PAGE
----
Benioff Finds Force in Numbers

Benioff touts big numbers for Salesforce and Force's Cloud movement, but will developers fawn over or flag what some call just one more proprietary code?

SAN FRANCISCO-After outlining his company's concept of exactly what software as a service means to multitenant architecture and subscription-based services-CEO Marc Benioff dazzled the audience of mostly developers at the company's Tour de Force campaign kickoff Jan. 17 with a dizzying array of statistics.

Throughout his keynote address Benioff ticked off milestones-impressive by any standard for a 9-year-old company:

  • 24 major releases in the last eight years; in excess of a billion dollars in revenue by the next fiscal year
  • 38,000 customers; one million subscribers
  • 130 million transactions a day at the average speed of 2.5 milliseconds
  • 160,000 SQL statements every second
  • 24 billion API calls (that's customer's computers accessing's computers 1.6 billion times a month)
  • 79,000 workflow rules written
  • 1.6 million lines of Apex code written. And it's only been in production for six months.

Given the company's massive push into the platform-as-a-service world with 50 percent of Salesforce developers spend their time enhancing the company's flagship CRM (customer relationship management) software while the other 50 percent build out the platform-Benioff wants to make sure is moving in the right direction.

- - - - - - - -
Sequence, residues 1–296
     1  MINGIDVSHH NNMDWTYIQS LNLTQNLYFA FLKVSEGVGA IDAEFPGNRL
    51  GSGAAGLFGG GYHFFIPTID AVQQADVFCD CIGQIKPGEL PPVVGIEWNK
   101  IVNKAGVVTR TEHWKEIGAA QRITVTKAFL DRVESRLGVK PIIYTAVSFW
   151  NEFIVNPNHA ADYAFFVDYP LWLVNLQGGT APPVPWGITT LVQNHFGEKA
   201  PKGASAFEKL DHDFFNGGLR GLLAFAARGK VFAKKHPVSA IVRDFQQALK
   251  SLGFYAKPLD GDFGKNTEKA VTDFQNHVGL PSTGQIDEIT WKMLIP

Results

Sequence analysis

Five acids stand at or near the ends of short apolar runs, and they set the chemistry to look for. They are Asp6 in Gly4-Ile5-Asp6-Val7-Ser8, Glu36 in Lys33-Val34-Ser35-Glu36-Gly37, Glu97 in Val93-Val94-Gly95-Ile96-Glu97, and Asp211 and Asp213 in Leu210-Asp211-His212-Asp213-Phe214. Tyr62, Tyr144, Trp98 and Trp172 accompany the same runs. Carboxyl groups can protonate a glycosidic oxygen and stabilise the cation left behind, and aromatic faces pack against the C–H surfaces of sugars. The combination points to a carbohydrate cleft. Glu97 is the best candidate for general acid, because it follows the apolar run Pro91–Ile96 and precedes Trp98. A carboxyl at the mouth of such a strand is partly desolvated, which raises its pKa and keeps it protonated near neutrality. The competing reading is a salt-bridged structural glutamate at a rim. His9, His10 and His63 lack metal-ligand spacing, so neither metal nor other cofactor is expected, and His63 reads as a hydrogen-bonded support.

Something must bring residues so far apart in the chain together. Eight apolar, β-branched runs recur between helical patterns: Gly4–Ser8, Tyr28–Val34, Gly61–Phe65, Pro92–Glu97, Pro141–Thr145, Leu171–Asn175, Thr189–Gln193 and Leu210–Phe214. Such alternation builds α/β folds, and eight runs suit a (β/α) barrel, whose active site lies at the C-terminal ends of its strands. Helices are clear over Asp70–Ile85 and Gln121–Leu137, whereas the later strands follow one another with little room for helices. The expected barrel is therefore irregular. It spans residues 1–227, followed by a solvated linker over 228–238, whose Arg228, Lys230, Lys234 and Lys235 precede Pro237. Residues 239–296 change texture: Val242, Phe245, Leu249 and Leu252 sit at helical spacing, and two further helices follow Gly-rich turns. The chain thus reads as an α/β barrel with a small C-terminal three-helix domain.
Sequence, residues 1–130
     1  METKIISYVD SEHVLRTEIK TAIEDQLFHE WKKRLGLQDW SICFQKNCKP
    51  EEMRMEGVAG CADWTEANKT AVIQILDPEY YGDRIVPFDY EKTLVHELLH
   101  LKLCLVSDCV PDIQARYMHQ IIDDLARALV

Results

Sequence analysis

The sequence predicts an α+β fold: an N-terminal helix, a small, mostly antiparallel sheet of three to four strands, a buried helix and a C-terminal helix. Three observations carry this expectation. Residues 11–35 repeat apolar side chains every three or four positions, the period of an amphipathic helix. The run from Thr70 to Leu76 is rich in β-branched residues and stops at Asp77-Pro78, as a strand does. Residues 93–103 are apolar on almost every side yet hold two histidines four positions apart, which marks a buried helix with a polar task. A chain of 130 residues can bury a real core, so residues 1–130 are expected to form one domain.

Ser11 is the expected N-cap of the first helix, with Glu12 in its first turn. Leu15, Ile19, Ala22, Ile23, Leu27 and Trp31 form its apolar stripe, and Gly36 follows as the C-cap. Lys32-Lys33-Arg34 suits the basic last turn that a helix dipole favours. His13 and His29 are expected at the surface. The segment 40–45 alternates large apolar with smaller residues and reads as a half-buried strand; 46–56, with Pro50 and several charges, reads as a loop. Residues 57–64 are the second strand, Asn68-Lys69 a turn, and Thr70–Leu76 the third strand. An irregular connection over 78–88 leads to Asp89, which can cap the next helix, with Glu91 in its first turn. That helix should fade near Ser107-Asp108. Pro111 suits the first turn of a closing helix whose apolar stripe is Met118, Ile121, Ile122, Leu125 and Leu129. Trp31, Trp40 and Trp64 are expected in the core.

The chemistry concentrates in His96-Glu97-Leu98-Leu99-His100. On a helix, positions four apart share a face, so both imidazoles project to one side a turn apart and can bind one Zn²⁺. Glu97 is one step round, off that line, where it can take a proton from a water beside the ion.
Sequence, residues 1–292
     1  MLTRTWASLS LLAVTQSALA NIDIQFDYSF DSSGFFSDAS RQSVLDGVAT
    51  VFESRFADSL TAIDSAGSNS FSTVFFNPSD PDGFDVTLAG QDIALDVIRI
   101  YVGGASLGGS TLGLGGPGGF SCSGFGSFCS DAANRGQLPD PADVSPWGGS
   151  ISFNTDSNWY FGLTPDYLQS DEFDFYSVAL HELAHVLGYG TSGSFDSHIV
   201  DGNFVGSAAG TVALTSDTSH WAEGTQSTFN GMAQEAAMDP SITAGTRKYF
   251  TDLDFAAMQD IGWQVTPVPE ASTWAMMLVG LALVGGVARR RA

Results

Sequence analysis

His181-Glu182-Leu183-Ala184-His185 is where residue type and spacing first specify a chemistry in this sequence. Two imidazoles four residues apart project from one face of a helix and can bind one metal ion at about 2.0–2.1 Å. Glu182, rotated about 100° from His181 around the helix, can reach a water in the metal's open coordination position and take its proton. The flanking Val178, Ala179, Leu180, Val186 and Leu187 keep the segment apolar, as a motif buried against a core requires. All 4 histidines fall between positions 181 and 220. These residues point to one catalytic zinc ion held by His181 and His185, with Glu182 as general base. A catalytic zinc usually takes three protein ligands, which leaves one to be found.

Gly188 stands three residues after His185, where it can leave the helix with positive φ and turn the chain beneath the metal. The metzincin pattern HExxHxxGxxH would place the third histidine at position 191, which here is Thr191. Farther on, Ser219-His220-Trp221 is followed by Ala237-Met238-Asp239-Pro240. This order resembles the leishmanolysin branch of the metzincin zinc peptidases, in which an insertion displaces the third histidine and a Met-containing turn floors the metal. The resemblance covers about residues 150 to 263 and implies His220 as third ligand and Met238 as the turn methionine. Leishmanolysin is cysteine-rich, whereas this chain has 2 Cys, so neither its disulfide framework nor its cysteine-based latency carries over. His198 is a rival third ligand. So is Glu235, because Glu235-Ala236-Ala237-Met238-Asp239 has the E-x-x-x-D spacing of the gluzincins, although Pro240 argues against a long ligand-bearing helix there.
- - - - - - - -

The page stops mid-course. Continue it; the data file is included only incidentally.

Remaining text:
"We're working hard to become the first billion dollar SAAS company," Benioff said. "Our third quarter was outstanding and we've given guidance that next year we will exceed one billion dollars [in revenue]. This is important. We want to show that SAAS is real; it's here and we are a success."

"We now have more than 38,000 customers and more than one million subscribers," he said. "It's an important time. And the reason this has all happened is because of you, our customers, partners, ISVs. We recognize that every day. What we want to hear from you is do you like it? Are we are on the right track? The only way we will be successful is by listening to our customers."

Benioff said the questions he and his cohorts at get asked the most are essentially the basics: What's next? And what Internet trends will impact SAAS? "We're asking these questions internally," he said. "It's one of the reasons we're going on the road-to find out what you want us to focus on."